Church to sponsor inner-city scheme to aid poor schools

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The Independent Online

Three new city academies, which aim to bring private funds into failing schools, were announced yesterday by the Government.

Three new city academies, which aim to bring private funds into failing schools, were announced yesterday by the Government.

One, sponsored by the Church of England and local businesses, will be in Liverpool, specialising in technology. Frank Lowe, marketing manager of the tennis player Anna Kournikova and chairman of the Lowe group and Octagon Sports, is also offering £1.5m for one of the academies announced yesterday by David Blunkett, Secretary of State for Education. The Lowe-backed centre will be in Brent, north London, specialising in sport. CfBT Education Services is backing the third, in Lambeth, south London, specialising in technology.

At least another three, costing £10m each, are expected to be announced before Christmas. The Church said that it was involved in negotiations for another two. Lord Harris of Peckham, the Corporation of London and Peter Vardy, the owner of the Reg Vardy car dealership chain, have also expressed interest.

All the academies will be in inner cities. The Government will pay at least 80 per cent of the start-up costs and private and voluntary groups the rest. They will be state-funded but independent of councils. In return for their money, sponsors will have power to change the curriculum and the school day.

The initiative has been compared to the Conservatives' city technology colleges, designed to be "beacons of excellence" to nearby schools. Fifteen were built before the programme was abandoned because of lack of interest from private firms expected to provide most of the start-up costs.

Ministers announced the city academies after the Fresh Start programme, which closes failing schools and opens them with new superheads and governors, ran into difficulties.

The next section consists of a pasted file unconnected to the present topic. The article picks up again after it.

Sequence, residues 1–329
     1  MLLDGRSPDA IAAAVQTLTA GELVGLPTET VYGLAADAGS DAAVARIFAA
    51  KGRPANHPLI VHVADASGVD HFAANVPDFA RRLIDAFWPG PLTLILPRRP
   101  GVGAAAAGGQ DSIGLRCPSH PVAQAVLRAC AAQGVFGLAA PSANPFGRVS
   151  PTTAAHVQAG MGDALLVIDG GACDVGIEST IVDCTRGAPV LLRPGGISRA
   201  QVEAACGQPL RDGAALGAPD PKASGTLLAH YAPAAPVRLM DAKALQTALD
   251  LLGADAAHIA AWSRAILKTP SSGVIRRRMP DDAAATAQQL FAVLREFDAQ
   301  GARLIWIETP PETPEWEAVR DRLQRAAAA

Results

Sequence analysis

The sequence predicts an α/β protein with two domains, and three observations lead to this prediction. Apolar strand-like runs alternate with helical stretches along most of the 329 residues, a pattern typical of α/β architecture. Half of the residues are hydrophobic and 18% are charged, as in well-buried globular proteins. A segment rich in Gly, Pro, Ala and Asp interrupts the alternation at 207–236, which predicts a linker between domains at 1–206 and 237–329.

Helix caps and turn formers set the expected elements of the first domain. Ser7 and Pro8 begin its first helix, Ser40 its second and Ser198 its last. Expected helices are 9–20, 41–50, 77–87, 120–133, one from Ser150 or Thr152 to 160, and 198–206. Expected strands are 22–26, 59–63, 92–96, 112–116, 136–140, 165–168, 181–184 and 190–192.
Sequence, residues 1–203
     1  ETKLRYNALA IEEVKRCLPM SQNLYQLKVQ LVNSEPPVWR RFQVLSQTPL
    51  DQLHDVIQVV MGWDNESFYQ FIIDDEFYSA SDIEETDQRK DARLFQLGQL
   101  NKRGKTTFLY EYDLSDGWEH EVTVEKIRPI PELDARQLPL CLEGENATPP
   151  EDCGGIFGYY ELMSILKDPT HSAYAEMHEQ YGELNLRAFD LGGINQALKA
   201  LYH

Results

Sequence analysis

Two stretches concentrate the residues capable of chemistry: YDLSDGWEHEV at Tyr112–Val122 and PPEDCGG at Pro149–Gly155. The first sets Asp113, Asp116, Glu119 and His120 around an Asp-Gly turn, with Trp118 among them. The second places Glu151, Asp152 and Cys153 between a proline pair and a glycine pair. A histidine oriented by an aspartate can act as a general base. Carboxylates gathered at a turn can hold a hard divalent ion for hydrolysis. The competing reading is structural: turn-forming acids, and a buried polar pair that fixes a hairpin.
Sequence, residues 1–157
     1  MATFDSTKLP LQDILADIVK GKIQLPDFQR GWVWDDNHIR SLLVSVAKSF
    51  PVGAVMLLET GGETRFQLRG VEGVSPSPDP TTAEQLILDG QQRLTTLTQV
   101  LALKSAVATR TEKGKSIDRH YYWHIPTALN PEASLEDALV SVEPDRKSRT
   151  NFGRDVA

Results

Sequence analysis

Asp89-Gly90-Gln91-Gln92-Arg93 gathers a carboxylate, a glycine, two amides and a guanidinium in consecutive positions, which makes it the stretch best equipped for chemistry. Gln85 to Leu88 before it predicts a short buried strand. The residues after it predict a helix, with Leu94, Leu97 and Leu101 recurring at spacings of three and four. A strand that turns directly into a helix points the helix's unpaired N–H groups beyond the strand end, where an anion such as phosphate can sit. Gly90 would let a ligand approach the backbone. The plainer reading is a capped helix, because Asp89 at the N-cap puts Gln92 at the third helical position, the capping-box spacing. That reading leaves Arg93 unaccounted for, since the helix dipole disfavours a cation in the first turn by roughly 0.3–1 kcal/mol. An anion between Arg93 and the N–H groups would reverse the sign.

The Brent academy will replace the failing Willesden High school but in Liverpool a new school will be built on a site which has not yet been decided.

Mr Blunkett said: "The academies will offer scope for radical innovation by enabling business and voluntary-sector partners to make a direct contribution to improving standards. They will benefit not only their own pupils, but also children at other schools in the area by providing a focus for excellence and by sharing their expertise and resources."

The Bishop of Liverpool, the Rt Rev James Jones, who is chairman of the Kensington Regeneration Company in the city, said: "We want to pursue this as one of our strategies for dealing with youth alienation and under-achievement in Kensington, which has no secondary school."

The school will be for local pupils whether or not they are church members.

Nigel de Gruchy, the general secretary of the National Association of Schoolmasters Union of Women Teachers, said the academies would have special status and more money and in time would become "semi- grammar schools".

He added: "This does seem to contradict one of the Government's mantras of benefits for all, not just the few. Making the state education service dependent on private sponsorship is sad and demeaning."